Competition for the skilled workforce is intensifying
Every day, the healthcare workforce sees announcements about job opportunities in retail and urgent care clinics, independent emergency rooms, micro-hospitals, on-site/near site primary care clinics and others. Private investors have funded more than 11,000 sites of care that operate outside the conventional purview of local hospitals and medical groups and they’re recruiting from the ranks of local provider organizations effectively. The skilled workforce is open to new job opportunities that offer competitive pay, work-life balance and a culture that recognizes their value. And they compare notes among their peers about the emerging opportunities where they might ply their trades.
As of April, 2019, there are 17,900,300 employed in U.S. healthcare delivery. The unemployment rate in these sectors is 2.1%, down from 2.4% in January and well below the national jobless rate of 3.6%. Thus, it’s a workforce that’s increasingly in the drivers’ seat.
Healthcare delivery is labor intense, capital intense and highly regulated. None of these is likely to change in the near-term. What’s changed is the range of opportunities accessible to the workforce: in most communities, they have more options.
The BLS jobs report is good news for some, but in healthcare delivery, it’s certain to add pressure on operators to attract and keep talent more effectively while also holding down costs. The two are not mutually exclusive, but it’s getting tougher to execute.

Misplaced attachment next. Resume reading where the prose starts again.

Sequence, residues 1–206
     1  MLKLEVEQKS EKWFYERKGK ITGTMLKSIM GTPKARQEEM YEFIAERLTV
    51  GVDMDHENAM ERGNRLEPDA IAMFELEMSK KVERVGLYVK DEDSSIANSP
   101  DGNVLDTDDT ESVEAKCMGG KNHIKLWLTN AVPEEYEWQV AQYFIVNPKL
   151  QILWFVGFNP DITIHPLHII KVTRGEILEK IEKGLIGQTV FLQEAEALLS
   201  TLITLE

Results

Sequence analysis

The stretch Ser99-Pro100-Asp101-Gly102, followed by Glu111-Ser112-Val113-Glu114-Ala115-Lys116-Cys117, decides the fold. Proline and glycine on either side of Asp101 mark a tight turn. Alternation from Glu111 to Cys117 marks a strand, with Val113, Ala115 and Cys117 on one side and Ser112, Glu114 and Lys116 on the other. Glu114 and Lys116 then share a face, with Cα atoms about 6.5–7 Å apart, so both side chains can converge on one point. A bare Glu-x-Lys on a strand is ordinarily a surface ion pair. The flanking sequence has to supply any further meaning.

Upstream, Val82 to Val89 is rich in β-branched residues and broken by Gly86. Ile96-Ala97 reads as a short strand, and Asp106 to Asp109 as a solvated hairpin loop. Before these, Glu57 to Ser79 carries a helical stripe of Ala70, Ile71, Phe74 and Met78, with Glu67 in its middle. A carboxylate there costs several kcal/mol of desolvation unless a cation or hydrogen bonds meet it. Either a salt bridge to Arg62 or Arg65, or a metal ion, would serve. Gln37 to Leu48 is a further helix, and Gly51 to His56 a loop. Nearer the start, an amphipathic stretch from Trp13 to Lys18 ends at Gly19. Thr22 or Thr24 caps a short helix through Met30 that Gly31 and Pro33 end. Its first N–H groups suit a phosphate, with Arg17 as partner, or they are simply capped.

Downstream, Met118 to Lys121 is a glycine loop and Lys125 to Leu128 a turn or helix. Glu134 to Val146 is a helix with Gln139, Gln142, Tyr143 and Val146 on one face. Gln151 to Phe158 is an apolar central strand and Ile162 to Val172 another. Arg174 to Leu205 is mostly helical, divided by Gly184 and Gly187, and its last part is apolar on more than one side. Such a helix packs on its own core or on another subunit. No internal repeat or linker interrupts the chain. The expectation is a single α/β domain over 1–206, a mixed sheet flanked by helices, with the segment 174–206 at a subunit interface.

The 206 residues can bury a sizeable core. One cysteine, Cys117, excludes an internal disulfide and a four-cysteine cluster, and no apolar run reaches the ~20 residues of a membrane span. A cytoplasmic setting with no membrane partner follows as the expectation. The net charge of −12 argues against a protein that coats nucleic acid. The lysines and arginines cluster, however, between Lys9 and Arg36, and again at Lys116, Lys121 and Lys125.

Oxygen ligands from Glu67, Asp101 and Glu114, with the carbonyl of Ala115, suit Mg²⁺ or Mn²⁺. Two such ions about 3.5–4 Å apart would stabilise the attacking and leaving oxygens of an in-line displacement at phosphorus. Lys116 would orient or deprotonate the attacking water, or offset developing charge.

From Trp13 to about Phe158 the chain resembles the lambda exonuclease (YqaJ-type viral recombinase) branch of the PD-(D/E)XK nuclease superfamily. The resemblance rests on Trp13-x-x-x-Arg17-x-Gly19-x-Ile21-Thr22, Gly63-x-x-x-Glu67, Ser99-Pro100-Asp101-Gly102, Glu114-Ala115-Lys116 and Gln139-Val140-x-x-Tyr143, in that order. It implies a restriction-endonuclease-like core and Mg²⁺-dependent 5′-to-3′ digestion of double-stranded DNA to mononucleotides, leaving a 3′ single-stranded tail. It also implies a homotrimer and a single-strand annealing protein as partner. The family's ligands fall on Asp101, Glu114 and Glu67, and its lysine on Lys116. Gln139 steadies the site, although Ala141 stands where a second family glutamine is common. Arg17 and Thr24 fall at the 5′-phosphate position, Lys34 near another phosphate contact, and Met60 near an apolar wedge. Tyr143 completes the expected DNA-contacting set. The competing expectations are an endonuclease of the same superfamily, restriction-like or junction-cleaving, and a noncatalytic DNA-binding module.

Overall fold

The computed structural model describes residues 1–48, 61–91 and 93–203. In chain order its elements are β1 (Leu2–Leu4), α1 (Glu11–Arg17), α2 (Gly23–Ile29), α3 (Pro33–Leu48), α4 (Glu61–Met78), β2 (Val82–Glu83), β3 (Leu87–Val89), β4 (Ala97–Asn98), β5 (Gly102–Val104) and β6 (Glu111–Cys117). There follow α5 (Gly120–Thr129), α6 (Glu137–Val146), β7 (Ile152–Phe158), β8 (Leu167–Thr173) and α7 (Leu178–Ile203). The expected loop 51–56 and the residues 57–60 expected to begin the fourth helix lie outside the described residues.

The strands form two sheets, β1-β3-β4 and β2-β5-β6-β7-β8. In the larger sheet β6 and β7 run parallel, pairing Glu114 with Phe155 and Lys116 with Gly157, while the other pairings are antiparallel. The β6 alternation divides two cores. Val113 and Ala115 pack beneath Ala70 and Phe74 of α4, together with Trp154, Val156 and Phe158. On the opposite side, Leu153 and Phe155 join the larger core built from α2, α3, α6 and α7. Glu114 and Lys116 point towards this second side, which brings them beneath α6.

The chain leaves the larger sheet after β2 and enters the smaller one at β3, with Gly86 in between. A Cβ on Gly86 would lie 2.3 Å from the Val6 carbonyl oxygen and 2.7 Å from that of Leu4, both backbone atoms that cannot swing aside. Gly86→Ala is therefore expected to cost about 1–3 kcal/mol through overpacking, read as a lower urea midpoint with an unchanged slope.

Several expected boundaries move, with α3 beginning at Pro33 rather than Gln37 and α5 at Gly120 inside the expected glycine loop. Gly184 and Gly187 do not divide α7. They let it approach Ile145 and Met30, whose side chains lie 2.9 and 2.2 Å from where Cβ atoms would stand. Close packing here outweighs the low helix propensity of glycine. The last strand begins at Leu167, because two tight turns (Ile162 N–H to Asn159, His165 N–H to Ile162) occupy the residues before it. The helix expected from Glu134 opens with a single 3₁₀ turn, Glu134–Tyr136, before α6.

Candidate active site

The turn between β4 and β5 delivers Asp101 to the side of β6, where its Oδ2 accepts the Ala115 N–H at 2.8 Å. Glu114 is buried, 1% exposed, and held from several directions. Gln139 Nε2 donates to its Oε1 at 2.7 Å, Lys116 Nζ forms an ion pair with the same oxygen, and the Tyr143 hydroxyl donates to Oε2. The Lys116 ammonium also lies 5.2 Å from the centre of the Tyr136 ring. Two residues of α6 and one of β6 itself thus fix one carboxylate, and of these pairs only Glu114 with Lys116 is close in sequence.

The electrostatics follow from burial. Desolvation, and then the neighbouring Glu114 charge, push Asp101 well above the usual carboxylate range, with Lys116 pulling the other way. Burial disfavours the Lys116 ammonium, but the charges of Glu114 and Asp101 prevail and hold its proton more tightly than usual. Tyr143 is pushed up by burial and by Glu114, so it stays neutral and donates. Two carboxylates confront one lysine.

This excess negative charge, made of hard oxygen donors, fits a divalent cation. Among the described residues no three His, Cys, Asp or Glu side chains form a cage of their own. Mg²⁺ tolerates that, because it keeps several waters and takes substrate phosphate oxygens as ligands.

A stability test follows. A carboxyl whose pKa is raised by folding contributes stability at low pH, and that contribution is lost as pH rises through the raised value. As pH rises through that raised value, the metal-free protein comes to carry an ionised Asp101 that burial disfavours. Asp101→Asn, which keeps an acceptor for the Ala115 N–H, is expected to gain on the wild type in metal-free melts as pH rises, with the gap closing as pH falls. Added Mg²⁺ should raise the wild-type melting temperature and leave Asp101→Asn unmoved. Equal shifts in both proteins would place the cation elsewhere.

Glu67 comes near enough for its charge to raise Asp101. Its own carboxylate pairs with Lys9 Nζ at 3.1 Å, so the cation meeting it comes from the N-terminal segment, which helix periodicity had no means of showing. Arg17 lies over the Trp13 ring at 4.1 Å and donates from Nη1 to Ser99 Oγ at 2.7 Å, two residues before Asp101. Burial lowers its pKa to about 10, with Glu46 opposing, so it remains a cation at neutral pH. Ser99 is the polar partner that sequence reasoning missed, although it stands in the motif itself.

The healthcare delivery workforce is under stress: a meltdown is not inevitable but it deserves serious attention and fresh solutions before it’s too late.
PS: Shout out to Erin Keckley who graduated from the University of Alabama Saturday having earned her Doctor of Nursing Practice degree. Last week, the American Organization of Nurse Executives announced its name change to the American Organization for Nursing Leadership—amazing symmetry. Consumers place more trust in nurses than any other profession (Gallup). I look forward to seeing Dr. K. join her peers in advancing new ideas and solutions from nursing. Well done!
U.S. Department of Labor Bureau of Labor Statistics www.bls.gov
“Burnout and Resilience: A Framework for Data Analysis and a Positive Path Forward.” 2018 Press Ganey Associates, Inc. http://www.pressganey.com/resources/workforce-engagement
Health Resource and Services Administration “Workforce Analysis” October 2018 https://bhw.hrsa.gov/health-workforce-analysis/research/projections
“The 2019 Update: The Complexities of Physician Supply and Demand: Projections from 2017 to 2032” Association of American Medical Colleges April 2019 https://www.aamc.org/data/workforce/
“No sick days, no collars: How tech might help hospitals shrink labor costs” Deloitte February 2018 https://blogs.deloitte.com/centerforhealthsolutions/no-sick-days-no-collars-how-tech-might-help-hospitals-shrink-labor-costs/
2018 National Healthcare Retention & RN Staffing Report. NSI Nursing Solutions Inc. http://www.nsinursingsolutions.com/